Cover image for A case of witchcraft : the trial of Urbain Grandier
A case of witchcraft : the trial of Urbain Grandier
Rapley, Robert, 1926-
Personal Author:
Publication Information:
Montreal ; Buffalo : McGill-Queen's University Press, [1998]

Physical Description:
viii, 277 pages : illustrations ; 24 cm
Format :


Call Number
Material Type
Home Location
Item Holds
KJV130.G73 R36 1998 Adult Non-Fiction Non-Fiction Area

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As a Catholic priest, Grandier was an influential figure in the Loudun community and local government. A brilliant speaker, he was popular with his parishioners. But he had enemies, including Cardinal Richelieu and Louis XIII, who was trying to wrest political autonomy from local governors and centralize power in Paris. Grandier's support of the governor of Loudun meant that he was seen as an enemy of the crown. In addition, the debonair priest's romantic intrigues brought him into conflict with some of the town's most influential power brokers. When a nearby convent of Ursuline nuns began experiencing strange visions and hallucinations, Grandier's enemies seized the opportunity to orchestrate his downfall. These mass possessions, which spread through the convent despite attempts at exorcism, were regarded as witchcraft and Grandier was accused of having caused them. Condemned by Richelieu and the king, Grandier was tortured and burned at the stake for his alleged crimes. He maintained his innocence to the end. This tale of conspiracy, corruption, and mass hysteria provides a fascinating exploration of human behaviour and community dynamics.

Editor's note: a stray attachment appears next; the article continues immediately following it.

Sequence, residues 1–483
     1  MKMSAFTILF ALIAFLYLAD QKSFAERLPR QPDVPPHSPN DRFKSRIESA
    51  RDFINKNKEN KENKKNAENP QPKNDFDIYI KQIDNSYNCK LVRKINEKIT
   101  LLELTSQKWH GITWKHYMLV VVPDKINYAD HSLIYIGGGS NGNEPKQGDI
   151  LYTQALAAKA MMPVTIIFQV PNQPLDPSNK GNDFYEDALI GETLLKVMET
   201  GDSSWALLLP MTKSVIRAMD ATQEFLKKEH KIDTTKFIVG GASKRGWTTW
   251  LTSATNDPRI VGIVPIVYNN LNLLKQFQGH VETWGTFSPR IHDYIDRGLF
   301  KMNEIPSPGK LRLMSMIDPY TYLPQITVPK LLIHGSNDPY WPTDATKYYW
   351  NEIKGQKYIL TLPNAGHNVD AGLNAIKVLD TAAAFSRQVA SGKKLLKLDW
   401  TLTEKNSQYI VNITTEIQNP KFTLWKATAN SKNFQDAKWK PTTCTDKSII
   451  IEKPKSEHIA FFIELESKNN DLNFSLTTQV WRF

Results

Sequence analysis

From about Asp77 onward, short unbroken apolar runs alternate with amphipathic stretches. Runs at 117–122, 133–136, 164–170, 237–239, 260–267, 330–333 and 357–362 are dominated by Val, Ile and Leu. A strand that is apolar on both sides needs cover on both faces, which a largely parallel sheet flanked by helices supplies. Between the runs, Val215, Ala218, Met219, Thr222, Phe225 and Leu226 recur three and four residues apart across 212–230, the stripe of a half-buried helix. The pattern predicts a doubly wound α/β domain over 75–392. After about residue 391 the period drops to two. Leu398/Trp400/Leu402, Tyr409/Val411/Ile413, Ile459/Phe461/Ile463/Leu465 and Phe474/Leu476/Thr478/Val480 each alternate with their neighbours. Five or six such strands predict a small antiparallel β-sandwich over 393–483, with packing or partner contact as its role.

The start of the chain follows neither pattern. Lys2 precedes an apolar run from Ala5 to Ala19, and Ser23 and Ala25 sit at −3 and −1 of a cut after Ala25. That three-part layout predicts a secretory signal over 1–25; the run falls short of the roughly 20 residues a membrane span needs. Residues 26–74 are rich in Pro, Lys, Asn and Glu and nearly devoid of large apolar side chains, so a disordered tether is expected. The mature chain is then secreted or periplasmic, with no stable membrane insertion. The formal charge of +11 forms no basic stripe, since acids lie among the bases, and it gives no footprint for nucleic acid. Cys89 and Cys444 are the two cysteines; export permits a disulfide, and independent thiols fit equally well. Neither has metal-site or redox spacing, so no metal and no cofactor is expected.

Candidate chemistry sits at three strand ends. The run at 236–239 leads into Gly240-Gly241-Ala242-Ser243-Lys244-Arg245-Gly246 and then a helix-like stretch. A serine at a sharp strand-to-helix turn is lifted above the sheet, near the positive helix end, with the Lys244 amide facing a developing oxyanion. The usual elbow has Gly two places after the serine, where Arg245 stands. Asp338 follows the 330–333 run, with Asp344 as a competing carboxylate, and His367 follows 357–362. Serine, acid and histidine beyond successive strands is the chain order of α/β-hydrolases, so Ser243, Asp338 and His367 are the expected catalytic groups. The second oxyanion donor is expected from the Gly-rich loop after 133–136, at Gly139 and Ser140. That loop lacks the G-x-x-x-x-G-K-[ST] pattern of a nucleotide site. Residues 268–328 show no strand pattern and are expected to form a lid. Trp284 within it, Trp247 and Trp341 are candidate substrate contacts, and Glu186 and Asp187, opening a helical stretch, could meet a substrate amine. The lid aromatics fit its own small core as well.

Reviews 1

Choice Review

The sensational story of Urbain Grandier (d. 1634), priest of Loudun in western France, and his trial and execution for sorcery has been told and retold many times; it is perhaps best known to readers of English through Aldous Huxley's The Devils of Loudun (1952). Rapley, an independent scholar, has studied virtually all the relevant sources, both primary and secondary, as well as a considerable background literature on early modern witchcraft, politics, social tensions, and gender relations. He has produced an engaging narrative interpretation directed more at a popular than a scholarly audience. Rapley's reconstruction of the sexual, political, and legal entanglements that led to Grandier's burning at the stake is generally persuasive, if still quite speculative. He disputes some aspects of the tale as traditionally told, and offers a few genuinely original insights. Scholars of the period will find that he often oversimplifies complex background in order to tell a good story, and there are not a few lapses from the normal standards of critical scholarship. But despite its faults, the book offers a very good read, especially for undergraduates and interested general readers. R. B. Barnes; Davidson College